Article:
Snowy Plover

Charadrius nivosus

  • Version: 2.0 — Published November 18, 2009
  • Gary W. Page, Lynne E. Stenzel, J. S. Warriner, J. C. Warriner, and P. W. Paton

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Figure 1. Distribution of the Snowy Plover in North America.
Juvenile Snowy Plover, Summer Lake, OR, August

The following link is to this contributor's website., Aug 30, 2008; photographer Glenn Bartley

Adult male Snowy Plover, breeding plumage, Sanibel Is, FL, February

Dark (black) fore-crown and eye-stripe indicate male; note thin bill and incomplete breast band typical of this species.; photographer Arthur Morris

Adult female Snowy Plover on nest, Lido Key, FL, April

Note sand beach nest location, shells used to line nest, and large eggs in relation to size of adult -- all typical of the species.  Females tend to have browner fore-crown and eye-stripe than males. ; photographer Arthur Morris

The Snowy Plover is a ground nesting bird found primarily on unvegetated to sparsely vegetated coastal beaches and shores of inland alkaline lakes. An estimated 18,000 Snowy Plovers breed in North America, where U.S. Pacific and Gulf coasts populations are imperiled by degradation of their habitat from development, human recreation and invasive species. The Pacific coast population is listed by the U.S. Fish and Wildlife Service as threatened and the Gulf coast population is state-listed as endangered in Mississippi and threatened in Florida.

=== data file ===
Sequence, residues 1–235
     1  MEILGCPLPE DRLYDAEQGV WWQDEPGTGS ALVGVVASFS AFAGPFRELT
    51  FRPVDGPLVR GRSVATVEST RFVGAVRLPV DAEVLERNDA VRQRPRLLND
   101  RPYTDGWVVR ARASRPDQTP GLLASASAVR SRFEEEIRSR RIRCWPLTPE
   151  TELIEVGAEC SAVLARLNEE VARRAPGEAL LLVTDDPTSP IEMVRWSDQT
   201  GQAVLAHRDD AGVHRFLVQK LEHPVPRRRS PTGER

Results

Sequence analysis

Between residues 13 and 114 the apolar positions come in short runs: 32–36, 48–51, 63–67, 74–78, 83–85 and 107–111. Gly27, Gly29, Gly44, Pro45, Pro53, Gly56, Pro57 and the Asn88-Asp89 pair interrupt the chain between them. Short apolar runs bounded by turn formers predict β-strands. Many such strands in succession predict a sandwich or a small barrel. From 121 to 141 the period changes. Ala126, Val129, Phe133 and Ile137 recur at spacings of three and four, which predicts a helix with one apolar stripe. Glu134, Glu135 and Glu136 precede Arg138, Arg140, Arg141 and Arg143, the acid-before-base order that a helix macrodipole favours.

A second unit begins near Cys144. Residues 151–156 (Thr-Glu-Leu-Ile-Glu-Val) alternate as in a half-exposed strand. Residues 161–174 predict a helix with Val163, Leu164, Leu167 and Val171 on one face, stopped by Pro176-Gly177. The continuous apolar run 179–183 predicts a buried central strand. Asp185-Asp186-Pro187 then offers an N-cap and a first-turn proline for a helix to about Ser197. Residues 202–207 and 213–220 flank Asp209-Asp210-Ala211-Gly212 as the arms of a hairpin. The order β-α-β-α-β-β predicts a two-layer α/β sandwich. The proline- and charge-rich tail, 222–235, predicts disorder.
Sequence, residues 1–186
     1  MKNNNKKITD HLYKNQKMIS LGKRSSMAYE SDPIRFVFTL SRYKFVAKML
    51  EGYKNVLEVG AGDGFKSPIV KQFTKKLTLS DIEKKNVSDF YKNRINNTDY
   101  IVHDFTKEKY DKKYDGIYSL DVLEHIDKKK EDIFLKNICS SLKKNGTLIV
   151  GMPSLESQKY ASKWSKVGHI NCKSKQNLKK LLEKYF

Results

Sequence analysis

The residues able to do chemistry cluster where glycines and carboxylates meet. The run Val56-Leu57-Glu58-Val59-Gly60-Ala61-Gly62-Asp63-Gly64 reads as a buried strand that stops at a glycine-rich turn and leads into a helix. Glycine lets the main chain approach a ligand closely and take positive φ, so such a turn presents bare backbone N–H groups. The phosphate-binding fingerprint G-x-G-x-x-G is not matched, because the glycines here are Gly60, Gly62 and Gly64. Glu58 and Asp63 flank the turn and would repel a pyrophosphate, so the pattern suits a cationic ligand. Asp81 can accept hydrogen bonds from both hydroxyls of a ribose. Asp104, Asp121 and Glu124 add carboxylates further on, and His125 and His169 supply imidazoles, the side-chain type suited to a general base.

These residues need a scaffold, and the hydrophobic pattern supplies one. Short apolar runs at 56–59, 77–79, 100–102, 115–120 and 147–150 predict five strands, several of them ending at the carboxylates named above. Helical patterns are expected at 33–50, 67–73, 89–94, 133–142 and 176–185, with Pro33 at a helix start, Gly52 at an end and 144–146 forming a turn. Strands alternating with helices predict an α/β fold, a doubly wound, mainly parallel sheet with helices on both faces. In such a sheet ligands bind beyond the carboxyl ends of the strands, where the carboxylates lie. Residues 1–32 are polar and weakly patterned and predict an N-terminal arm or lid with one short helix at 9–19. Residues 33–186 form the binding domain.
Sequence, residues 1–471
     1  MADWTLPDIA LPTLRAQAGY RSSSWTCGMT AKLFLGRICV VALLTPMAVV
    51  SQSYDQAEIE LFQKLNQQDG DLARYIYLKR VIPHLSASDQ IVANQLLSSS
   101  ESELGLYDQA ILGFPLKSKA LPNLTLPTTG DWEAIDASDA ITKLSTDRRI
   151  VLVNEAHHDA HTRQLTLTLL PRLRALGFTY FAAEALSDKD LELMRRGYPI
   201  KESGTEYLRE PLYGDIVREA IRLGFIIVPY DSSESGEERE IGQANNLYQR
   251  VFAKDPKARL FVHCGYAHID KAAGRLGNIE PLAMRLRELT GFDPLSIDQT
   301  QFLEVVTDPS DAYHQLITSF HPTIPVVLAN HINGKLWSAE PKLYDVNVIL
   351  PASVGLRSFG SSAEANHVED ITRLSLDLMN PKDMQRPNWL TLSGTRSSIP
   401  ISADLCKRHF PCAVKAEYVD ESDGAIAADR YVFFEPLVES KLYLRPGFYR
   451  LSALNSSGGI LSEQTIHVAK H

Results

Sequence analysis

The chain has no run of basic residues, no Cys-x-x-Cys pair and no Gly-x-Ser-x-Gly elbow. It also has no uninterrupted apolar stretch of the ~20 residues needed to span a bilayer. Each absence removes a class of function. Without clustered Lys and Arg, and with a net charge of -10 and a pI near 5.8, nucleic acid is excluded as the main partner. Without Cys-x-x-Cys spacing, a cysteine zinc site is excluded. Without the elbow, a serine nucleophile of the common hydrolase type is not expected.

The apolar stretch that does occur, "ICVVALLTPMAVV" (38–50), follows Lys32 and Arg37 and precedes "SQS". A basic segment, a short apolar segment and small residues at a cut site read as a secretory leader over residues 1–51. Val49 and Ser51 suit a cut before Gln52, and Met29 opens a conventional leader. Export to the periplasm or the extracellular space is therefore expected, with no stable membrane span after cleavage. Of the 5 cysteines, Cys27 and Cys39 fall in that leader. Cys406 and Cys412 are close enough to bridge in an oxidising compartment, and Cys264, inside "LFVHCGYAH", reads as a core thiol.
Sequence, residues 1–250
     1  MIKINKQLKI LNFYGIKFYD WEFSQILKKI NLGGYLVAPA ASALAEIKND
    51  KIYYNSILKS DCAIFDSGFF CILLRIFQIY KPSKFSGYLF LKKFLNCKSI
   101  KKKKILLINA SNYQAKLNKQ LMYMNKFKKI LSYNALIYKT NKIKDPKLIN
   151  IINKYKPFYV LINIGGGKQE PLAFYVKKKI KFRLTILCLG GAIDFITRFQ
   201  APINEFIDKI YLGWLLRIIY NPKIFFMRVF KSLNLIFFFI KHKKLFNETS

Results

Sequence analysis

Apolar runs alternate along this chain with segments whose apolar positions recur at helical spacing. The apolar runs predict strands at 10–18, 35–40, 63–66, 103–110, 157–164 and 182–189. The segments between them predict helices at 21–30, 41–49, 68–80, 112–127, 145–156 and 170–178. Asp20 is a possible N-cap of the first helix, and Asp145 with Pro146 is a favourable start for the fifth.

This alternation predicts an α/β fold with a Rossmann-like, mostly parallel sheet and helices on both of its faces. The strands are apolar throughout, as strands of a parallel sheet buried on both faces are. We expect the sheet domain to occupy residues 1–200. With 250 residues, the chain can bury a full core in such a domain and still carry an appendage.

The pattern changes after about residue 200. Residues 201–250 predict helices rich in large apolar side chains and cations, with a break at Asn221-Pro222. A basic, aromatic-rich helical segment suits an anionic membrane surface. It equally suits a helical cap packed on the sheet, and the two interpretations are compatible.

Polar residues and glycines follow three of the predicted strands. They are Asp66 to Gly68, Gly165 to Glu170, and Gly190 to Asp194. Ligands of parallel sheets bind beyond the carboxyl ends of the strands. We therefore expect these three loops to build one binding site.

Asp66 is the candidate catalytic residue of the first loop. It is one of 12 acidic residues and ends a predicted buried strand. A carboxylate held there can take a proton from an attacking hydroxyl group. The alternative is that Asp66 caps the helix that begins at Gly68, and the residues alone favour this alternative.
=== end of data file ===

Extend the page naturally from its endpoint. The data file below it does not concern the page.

Since 1995, study of the Pacific coast population has generated considerable information on reproductive success (Powell and Collier 2000, Colwell et al. 2005), juvenile survival and dispersal (Stenzel et al. 2007, Colwell et al. 2007a, Colwell et al. 2007b), adult survival (Mullin 2006), effectiveness of management techniques (Neuman et al. 2004, Hardy and Colwell 2008), and effect of recreation on behavior and reproduction (Lafferty 2001, Ruhlen et al. 2003). Although Snowy Plovers frequently lose their nests to predators, people, or weather, they relay rapidly and readily (Warriner et al. 1986).

The Snowy Plover employs an unusual facultative polygamous breeding system in many which females in some populations, and less frequently males, desert first broods soon after hatching to renest with new mates (Warriner et al. 1986), sometimes hundreds of kilometers from their first nests (Stenzel. et al. 1994).

Recommended Citation

Page, G. W., L. E. Stenzel, J. S. Warriner, J. C. Warriner, and P. W. Paton (2009). Snowy Plover (Charadrius nivosus), version 2.0. In The Birds of North America (A. F. Poole, Editor). Cornell Lab of Ornithology, Ithaca, NY, USA.